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J.D. Power Reveals Sales Satisfaction Index Study

November 16, 2006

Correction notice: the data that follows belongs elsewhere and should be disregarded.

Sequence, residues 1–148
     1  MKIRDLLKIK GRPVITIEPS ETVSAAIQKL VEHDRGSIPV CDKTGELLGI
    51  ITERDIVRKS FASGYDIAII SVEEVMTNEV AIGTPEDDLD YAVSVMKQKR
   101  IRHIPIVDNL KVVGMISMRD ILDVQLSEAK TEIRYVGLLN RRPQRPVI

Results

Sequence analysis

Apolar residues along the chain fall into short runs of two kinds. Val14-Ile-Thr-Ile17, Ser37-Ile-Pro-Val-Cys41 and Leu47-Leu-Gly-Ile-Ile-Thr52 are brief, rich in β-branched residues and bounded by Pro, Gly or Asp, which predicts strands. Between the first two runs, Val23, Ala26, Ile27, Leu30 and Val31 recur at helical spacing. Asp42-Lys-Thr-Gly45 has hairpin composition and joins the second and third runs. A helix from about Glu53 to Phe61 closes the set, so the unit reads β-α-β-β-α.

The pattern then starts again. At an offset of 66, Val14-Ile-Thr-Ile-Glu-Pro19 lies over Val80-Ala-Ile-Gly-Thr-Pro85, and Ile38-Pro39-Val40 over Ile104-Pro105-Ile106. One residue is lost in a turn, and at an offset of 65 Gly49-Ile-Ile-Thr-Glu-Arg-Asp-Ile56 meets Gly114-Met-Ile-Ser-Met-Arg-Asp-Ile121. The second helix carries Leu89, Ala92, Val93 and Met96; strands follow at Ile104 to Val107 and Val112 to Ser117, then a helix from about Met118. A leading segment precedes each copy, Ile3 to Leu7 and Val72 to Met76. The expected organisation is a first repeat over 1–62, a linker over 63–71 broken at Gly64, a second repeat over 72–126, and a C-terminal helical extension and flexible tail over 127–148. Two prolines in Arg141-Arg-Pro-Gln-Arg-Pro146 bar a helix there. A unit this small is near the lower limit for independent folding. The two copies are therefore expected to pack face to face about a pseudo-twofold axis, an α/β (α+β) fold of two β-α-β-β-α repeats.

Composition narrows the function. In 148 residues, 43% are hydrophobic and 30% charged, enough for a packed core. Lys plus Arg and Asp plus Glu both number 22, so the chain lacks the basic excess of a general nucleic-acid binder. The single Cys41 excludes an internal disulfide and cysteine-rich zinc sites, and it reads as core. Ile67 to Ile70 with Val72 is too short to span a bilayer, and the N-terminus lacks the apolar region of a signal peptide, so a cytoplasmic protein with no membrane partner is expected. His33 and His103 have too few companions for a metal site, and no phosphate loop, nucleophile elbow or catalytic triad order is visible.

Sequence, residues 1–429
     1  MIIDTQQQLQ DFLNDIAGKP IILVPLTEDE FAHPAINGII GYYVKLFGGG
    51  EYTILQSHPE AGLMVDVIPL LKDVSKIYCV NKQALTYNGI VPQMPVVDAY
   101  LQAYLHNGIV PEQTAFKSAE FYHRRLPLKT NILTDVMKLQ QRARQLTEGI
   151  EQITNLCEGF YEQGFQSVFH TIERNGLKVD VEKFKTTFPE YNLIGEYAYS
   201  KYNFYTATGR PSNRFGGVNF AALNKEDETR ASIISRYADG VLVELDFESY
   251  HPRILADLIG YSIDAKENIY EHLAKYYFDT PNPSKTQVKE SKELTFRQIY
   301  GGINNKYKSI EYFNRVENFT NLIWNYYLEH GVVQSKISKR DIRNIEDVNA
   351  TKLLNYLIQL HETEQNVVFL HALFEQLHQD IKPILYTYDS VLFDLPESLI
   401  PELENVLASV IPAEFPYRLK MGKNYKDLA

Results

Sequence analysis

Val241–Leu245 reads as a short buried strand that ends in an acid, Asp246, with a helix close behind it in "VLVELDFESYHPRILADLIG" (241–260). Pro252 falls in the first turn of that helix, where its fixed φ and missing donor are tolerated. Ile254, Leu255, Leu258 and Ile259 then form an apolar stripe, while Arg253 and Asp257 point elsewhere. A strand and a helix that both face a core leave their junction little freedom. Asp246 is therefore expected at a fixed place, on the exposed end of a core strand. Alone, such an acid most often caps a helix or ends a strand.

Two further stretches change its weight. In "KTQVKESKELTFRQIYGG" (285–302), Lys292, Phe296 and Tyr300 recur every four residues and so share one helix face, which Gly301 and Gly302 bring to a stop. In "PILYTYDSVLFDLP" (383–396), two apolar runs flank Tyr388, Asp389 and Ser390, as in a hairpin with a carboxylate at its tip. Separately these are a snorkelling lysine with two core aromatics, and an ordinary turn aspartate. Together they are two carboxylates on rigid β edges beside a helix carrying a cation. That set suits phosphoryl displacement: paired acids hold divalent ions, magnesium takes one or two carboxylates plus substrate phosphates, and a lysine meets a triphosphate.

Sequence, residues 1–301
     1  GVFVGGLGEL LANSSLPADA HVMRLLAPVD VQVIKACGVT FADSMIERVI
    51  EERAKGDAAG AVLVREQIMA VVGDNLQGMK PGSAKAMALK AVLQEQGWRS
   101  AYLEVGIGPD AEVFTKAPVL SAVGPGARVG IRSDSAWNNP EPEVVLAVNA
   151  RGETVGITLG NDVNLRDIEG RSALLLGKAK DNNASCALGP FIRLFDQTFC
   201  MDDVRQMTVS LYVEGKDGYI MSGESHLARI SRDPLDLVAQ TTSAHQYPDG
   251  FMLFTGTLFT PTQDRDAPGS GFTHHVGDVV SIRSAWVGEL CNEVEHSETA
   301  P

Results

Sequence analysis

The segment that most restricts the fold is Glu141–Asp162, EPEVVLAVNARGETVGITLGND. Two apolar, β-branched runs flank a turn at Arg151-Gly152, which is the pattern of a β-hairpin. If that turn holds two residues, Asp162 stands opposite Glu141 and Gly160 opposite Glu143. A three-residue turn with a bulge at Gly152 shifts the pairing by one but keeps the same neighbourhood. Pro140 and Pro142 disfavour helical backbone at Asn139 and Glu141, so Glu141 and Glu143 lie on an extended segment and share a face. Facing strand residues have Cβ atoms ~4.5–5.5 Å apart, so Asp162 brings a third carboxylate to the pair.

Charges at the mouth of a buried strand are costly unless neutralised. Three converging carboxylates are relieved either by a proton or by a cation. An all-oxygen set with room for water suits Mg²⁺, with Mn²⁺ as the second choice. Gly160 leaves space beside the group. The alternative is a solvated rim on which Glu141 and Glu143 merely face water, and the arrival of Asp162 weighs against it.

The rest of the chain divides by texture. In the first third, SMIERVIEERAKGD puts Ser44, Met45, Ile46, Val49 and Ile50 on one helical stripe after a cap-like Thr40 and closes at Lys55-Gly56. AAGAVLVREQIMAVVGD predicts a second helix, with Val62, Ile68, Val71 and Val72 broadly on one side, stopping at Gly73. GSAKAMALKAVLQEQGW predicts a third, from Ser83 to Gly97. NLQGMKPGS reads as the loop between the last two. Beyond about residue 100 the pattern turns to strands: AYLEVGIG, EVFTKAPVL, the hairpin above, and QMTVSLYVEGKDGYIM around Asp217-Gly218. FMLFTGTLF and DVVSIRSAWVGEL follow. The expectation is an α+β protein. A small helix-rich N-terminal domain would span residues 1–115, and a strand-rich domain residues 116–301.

Customer satisfaction with the new-vehicle sales process has reached a record high, according to the J.D. Power and Associates 2006 Sales Satisfaction Index Study released Wednesday. J.D. Power said customer satisfaction is measured on five factors — dealership facility, salesperson, paperwork/finance process, delivery process and vehicle price. The industry achieved a record overall SSI score of 847 on a 1,000-point scale, a five-point improvement from 2005, the company reported. However, a leading cause of lost sales at new-vehicle dealerships is poor customer treatment. Nearly one-half of all shoppers who walk away from a dealership cite poor treatment as a reason, executives noted. The study also found that customers are particularly sensitive to time-related issues when purchasing a new vehicle. On average, the entire purchase process takes about three hours. Vehicle selection typically takes the most time, averaging 47 minutes, followed by negotiating the deal (38 minutes) and paperwork/finance (32 minutes). One area impacting sales satisfaction is the time customers wait between negotiating the deal and beginning the paperwork and financing process, which currently averages 31 minutes. "Just sitting around waiting to begin the paperwork process is a slippery slope, which is why it is critical for the dealership to manage the buyer's time productively," said Crane. Nearly one-third of all new-vehicle sales occur on either a Saturday or Sunday. However, satisfaction is consistently lower on the weekend compared to weekdays on every factor, primarily due to a longer process, according to executives. Overall, it takes an average of 22 minutes longer to purchase a car on a Saturday or Sunday. With an SSI score of 912, Jaguar leads its closest competitor, Cadillac, by 21 points. J.D. Power also pointed out that this is the third consecutive year Jaguar has ranked the highest. The purchase experience sets the tone for the subsequent relationship with customers during the entire vehicle-ownership cycle, according to the study. While four of five new-vehicle buyers express a general interest to spend future service dollars at the selling dealer, less than one-half (45 percent) indicate they "definitely" plan to do so, J.D. Power said. As sales satisfaction declines, the intention to return also declines. Sales Satisfaction Index Rankings: (Based on a 1,000-point scale) Jaguar: 912Cadillac: 891Lincoln: 889Porsche: 889Lexus: 887Saturn: 887Buick: 884Volvo: 883Mercury: 881Mercedes-Benz: 876Hummer: 874BMW: 873Mini: 873Land Rover: 872Infiniti: 868Chevrolet: 862GMC: 861Ford: 855Acura: 854Saab: 854Pontiac: 852Audi: 849Industry Average: 847 Hyundai: 844Honda: 843Jeep: 841Chrysler: 839Dodge: 834Toyota: 832Kia: 828Volkswagen: 827Scion: 826Subaru: 825Nissan: 823Mazda: 815Suzuki: 810Mitsubishi: 794 Isuzu was included in the study but not ranked due to small sample size. The 2006 Sales Satisfaction Index Study was based on responses from 42,218 new-vehicle buyers who registered their vehicles in May 2006.
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